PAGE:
One day, while visiting one of our grandchildren, an 8-year-old, I stepped out the back door to locate her. She was perched snuggly up in an oak tree, reading; as if that’s where everyone might choose to spend their afternoon.
I watched the expressions on her face while the sun touched her hair. A breeze came through and seemed to wisp up some fairy dust as she escaped to her world filled with enchantment, dragons, and princesses. That same mystical world where Alice really does have a conversation with a rabbit, Pete spends an entire day with the dragon, and Clara actually is swept off her feet by the nutcracker.
I can’t think of a place I’d rather be than having a front row seat to this great unfolding miracle; a child loving to read.
Having Everything Within Reach
"He that loves reading has everything within his reach".—William Goodwin
Isn’t that what we wish for our children and our grandchildren, for them to have everything within their reach?
The love of reading will give them the advantages, the opportunities, the preparation and the training that will enable them to go out and succeed. Books offer this to our kids and expand their world.
The love of reading opens doors not only for our children but for all of us.
Research shows that regular reading:
The Statistics About Reading Habits in Children Are DismalAnd yet, sadly, I continue to hear about the decline in the enjoyment of reading.
According to the U.S. Department of Education, 67% of fourth grade students are below proficiency in reading.
Dianna Gioia, chairman of the National Education Association, explains it this way, “As our kids read less, they read less well. And when they read less well, this has very serious consequences, not just to their academic performance, but to their economic performance and ultimately to their ability to connect with a civic life and political life.”
What are we to do with this dismal research?
Neil Postman, an American author, educator, and cultural critic, further warns us of the consequences of the fallout in reading. “A mode of thinking is being lost,” he laments, “We are losing a sort of psychic habit, a logic, a sense of complexity, an ability to spot contradictions and even falsity.”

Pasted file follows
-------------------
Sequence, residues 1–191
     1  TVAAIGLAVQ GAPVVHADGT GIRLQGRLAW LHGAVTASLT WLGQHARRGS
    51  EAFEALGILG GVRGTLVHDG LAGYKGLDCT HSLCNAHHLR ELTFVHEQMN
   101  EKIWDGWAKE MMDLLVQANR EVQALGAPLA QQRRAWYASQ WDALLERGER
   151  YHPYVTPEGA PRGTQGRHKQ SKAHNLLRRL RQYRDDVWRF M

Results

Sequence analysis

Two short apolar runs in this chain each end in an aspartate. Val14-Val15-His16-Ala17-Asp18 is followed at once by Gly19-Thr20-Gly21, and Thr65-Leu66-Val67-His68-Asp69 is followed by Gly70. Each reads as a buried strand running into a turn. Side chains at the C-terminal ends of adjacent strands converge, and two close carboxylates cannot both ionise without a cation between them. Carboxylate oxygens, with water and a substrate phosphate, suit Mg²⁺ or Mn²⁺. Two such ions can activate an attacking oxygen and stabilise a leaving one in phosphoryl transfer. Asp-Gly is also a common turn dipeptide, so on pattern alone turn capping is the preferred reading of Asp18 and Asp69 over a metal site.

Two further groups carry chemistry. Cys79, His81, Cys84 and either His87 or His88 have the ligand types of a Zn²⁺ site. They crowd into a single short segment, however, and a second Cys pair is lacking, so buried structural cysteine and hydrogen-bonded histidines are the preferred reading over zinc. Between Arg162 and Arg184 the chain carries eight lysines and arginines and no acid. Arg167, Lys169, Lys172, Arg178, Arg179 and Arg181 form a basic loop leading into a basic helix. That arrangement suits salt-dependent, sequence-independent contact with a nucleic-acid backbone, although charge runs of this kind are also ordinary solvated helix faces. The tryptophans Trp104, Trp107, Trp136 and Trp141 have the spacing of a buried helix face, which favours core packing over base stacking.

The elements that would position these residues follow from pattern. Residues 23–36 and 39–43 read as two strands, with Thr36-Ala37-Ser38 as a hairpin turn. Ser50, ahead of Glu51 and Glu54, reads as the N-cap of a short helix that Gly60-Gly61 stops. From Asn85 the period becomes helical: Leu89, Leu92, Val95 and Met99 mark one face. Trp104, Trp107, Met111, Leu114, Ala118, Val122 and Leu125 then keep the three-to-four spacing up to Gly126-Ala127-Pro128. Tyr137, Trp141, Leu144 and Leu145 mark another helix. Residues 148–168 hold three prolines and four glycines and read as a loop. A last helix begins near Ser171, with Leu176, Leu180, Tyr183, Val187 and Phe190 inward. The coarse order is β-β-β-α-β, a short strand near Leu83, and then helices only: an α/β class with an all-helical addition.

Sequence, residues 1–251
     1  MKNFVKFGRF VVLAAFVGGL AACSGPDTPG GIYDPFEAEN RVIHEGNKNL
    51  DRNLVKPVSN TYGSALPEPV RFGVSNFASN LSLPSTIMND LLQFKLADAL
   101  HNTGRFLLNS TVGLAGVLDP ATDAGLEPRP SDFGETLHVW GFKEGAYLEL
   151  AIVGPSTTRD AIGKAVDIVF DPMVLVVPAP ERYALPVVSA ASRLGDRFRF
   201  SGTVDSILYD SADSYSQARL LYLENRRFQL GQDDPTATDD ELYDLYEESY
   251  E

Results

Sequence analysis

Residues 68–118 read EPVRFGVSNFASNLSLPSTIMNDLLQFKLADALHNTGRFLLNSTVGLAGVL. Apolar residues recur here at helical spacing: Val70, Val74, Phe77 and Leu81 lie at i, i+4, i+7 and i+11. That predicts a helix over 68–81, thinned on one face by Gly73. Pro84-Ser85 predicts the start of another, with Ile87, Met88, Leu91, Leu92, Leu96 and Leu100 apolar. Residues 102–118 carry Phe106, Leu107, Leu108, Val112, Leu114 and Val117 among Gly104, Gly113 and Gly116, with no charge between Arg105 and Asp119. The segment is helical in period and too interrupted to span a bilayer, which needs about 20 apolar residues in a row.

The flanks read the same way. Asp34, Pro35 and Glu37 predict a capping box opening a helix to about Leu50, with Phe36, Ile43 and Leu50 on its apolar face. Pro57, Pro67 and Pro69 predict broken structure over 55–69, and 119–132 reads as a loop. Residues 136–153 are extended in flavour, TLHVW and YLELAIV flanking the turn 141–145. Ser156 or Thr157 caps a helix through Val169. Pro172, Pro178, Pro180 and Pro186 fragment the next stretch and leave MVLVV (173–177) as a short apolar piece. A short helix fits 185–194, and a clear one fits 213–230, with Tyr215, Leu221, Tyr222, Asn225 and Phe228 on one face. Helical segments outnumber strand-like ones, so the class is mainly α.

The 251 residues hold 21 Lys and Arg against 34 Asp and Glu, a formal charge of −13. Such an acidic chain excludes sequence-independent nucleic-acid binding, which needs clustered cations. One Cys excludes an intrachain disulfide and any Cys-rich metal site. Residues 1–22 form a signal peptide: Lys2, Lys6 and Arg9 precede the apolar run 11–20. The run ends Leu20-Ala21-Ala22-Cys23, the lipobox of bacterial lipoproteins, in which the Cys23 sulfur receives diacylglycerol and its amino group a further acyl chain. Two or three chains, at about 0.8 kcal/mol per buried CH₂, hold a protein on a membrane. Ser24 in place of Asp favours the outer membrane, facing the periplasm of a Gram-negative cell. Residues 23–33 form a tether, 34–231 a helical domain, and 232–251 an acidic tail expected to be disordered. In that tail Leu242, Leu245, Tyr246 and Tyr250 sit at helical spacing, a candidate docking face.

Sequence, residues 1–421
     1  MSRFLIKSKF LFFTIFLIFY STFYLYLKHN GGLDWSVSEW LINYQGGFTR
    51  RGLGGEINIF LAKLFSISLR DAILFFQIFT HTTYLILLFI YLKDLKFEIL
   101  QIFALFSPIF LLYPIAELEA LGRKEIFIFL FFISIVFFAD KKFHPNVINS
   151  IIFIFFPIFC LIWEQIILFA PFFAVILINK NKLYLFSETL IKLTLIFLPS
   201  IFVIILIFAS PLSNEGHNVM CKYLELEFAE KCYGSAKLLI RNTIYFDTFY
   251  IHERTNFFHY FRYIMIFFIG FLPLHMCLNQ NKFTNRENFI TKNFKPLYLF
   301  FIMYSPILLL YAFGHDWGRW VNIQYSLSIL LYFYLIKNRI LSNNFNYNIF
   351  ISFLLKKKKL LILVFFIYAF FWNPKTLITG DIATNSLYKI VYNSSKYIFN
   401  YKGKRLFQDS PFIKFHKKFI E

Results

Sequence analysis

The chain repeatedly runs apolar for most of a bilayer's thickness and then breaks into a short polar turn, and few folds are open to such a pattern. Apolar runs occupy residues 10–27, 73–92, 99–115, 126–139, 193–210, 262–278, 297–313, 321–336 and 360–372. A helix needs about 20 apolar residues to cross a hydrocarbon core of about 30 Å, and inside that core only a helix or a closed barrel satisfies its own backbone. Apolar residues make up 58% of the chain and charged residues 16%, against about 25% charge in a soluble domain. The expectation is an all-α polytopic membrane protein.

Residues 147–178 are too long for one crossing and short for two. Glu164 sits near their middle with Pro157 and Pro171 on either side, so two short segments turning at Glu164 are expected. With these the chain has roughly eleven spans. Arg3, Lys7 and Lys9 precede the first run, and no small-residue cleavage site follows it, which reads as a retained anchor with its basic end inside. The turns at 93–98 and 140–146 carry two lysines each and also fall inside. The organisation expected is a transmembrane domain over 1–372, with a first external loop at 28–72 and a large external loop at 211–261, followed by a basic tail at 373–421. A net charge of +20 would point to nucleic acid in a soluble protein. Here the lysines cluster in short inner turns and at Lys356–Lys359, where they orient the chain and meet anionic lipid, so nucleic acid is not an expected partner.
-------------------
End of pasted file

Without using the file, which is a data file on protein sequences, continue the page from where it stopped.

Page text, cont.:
Postman believes this loss is now being felt in our cultural activities and in our politics, as well as in our children’s SAT scores, and that it could get worse. But of course, such prophecies are delivered in print, so no one pays much heed.
Can We Turn the Table and Leave a Lasting Legacy?
Shall we sit ideally by, silently watching as the reading, the thinking and the heartbeat of our future generations flatline?
Are we really okay with that? Are we satisfied to leave behind a generation of children that don’t love reading?
"Everyone must leave something behind when he dies, my grandfather said. A child or a book or a painting or a house or a wall built or a pair of shoes made. Or a garden planted. Something your hand touched some way…. It doesn’t matter what you do, he said, so long as you change something from the way it was before you touched it into something that’s like you after you take your hands away…"
—Ray Bradbury, Fahrenheit 451
So then, what will keep us – yes, you and me – from being a moving force that transfuses a love of reading back into the next generation?
I know, I know… there are many things we take notice of that are not as they used to be and, quite frankly, not to our liking. We talk about the ‘good old days’ like our grandparents did. And far be it for us to intrude, right? So we go to our corners, make ourselves smaller and quieter and mind our own business… Far be it for us to put our noses in others’ business!
Well, I say bologna to that! I believe it’s time for those of us who know better to do better. I think we should take a stand!
The Solution? Read to Children
"One of the greatest gifts adults can give to their offspring and to their society is to read to children."—Carl Sagan
There are things we can do to fix this reading ailment, for the betterment of ourselves, the younger generation and the future generations to come. And who better to lead the charge and the challenge than us – those who have benefitted from our love of reading in the past and continue to reap the benefits today.
I want to resurrect this dying trend and breathe life back into what we know equips our children to be active participants in creating a better future world.
I spoke with a children’s librarian, Susan Clark. She, like many others, would love to see us inject our grandkids with our own sense of delight and wonder we receive from reading.
And although you may not have a grandchild yet, or one living nearby; there is a child out there that needs you. Volunteer to make a difference in a child’s life. Check out opportunities to read at libraries, schools, hospitals, bookstores or community events.
"You can find magic wherever you look. Sit back and relax, all you need is a book."
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